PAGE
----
Those who pursue a life on the road as a truck driver have a couple of options: work for a company or become an owner-operator. When you work for a company, the truck you operate belongs to the owner of said company. That means everything from maintenance to logistics is the responsibility of the company. You get more time with your family and friends and have plenty of options for companies to join.

When you work as an owner-operator, the semi-truck and equipment that you use are yours. That means you may have more responsibility, but you also have more control of your business as an owner. You can also make more money than when you’re simply an operator for someone else’s company.

Do I Need Owner-Operator Coverage?

All states require some kind of primary liability coverage. Most people refer to this as minimum coverage. That means you may not be legally required to carry additional insurance for your vehicle. At the same time, owner operators who do not have the appropriate insurance could violate a contract or simply be at risk.

Commercial liability insurance is used to pay for damage or injuries caused by an auto accident. If you work under a permanent lease, your motor carrier will most likely cover you under their liability policy while you are under contract.

If you operate on your own authority as an owner-operator, you may need to add additional coverage to protect your truck and equipment. If something happens while you do not have insurance, you could be held personally responsible. That could mean paying for legal fees, physical damage, and more. This is why insurance for commercial truck owners is crucial.

How Do Owner-Operators Get Paid?

Since there is more money to be made as an owner-operator, you might be curious just how truckers get paid. When you work for a trucking company, you typically get paid by the mile, hour, or job. You do work, you get a check. It’s pretty straightforward. Owner operators don’t get paid in such an easy manner.

How much they get paid is impacted by their expenses. suggests that independent operators gross an average of $183,000 per year. Sadly, many private owner operators also put nearly 70% back into expenses.

Independent truckers are typically paid by mileage or by a percent load. Percent load programs pay between 25% to 85% of the gross load revenue. These programs can be hard to plan as they pay wonderfully for high-paying loads, but not as much for low-paying alternatives. Mileage programs mean you make a certain amount regardless of how much the trucking company makes on the delivery.

Make More Money By Saving on Your Trucker Insurance

If you own a semi-truck and work as an owner-operator, you need different kinds of commercial truck insurance coverage than those who simply lease their commercial vehicles. From working under your own authority to operating via a permanent lease, SoCal Truck Insurance can not only ensure that you have ample coverage, but that you can also keep your insurance prices low.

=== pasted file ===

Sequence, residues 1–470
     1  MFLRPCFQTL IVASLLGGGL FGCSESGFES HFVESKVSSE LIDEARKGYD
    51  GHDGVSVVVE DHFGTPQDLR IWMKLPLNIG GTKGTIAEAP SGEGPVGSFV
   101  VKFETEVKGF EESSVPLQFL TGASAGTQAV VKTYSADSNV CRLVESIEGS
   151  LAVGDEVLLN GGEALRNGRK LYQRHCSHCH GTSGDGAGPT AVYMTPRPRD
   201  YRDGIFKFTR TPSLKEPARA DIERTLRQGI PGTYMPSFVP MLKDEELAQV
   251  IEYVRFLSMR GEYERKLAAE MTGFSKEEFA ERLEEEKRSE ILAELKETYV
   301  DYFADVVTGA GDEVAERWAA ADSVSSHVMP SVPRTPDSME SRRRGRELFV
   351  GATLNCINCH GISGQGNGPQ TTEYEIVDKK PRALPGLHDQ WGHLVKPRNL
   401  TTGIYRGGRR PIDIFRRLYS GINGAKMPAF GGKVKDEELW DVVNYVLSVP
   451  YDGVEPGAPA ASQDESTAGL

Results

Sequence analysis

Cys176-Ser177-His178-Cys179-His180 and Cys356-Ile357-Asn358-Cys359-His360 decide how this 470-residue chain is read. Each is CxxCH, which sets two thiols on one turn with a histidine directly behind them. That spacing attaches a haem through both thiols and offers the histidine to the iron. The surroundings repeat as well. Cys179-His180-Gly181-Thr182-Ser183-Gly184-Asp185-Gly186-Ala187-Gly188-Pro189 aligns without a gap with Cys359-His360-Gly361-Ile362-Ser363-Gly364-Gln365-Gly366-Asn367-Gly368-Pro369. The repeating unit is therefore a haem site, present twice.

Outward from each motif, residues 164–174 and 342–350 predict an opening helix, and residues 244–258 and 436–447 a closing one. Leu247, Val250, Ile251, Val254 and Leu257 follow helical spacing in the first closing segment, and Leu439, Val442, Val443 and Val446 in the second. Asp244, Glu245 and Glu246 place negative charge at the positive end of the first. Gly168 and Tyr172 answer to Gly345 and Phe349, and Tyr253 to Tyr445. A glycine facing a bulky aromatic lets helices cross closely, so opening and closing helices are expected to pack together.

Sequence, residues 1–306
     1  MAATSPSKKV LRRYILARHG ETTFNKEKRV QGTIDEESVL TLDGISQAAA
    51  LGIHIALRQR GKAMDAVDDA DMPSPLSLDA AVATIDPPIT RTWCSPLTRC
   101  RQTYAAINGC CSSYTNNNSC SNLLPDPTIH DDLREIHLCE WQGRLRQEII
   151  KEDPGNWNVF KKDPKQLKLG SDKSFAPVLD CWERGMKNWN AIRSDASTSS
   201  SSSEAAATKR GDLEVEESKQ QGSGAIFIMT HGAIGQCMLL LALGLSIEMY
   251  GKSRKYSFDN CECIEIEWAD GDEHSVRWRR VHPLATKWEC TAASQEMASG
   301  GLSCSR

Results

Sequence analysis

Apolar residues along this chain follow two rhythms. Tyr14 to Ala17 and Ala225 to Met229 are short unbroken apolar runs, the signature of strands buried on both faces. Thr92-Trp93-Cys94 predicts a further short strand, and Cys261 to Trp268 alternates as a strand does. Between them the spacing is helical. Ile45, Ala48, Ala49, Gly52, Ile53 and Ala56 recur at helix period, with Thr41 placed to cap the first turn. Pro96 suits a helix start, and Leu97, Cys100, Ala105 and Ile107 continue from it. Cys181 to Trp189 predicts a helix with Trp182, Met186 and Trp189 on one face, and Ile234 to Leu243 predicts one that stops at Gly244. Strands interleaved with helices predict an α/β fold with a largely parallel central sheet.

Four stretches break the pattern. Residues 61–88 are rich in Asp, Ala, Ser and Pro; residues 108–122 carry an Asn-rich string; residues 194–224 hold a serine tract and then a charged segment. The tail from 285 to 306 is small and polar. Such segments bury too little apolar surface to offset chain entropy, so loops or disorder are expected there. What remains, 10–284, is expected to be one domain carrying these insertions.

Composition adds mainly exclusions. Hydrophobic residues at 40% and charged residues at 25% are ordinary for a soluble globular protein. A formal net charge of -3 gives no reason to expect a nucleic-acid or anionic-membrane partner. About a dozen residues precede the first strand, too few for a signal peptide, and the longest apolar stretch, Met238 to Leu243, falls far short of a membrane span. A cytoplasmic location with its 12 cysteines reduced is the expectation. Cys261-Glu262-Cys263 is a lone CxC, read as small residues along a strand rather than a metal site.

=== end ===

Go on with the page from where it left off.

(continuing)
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What Types of Commercial Owner-Operator Insurance Coverage are Available?

There are various types of commercial insurance for truckers available. Your coverage and exact needs may depend on your unique situation. Give us a call to talk to one of our seasoned professionals and truck insurance experts to discuss the best options of coverage for you.

Here are some of the most common types of liability insurance options you should consider:

If You Operate Under Your Own Authority

Primary liability pays for damage that you cause to other people or their property, including relief for both bodily injury coverage and property damage coverage.

Physical damage is used by owner operators to cover damage that is caused to their trucks or equipment.

Motor truck cargo coverage insures the property you hail in case it is damaged or stolen.

If You Operate Under Permanent Lease

Non-trucking liability covers you when you use your truck outside your contract or dispatch. Non-trucking liability is considered the “personal use” type of insurance.

Physical damage helps fix or replace your truck if it’s involved in an accident or is stolen.

Trailer insurance helps cover a trailer that you pull that does not belong to you. This insurance policy works with a trailer interchange agreement.

How Are Owner-Operator Insurance Costs Determined?

The cost of motor carrier insurance coverage is determined by a variety of factors. Ultimately, your commercial truck ins provider has to assess your risk to provide an accurate quote. Of course, the best way to get a precise cost for motor carrier insurance is to call and get a free quote and consultation.

Here are some of the most significant elements that trucking insurance companies use to determine the cost of your owner operator insurance coverage:

  • The type of vehicle being insured, taking into consideration its age, maintenance records, and more.
  • Where the truck is located and what kind of delivery routes you take.
  • The operator’s driving history.
  • The trucking types of coverage you want/need.

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Whether you are starting a new life as an owner-operator or you’ve been under contract for years, there’s no better time to explore options for the best and least expensive insurance for trucking. The owner operator truck insurance you choose will play a significant role in your business.

We customized and design truck insurance policies build around your needs. Get a no-obligation quote and find ways you can save. Call SoCal Trucking Insurance today for your free quote and consultation.

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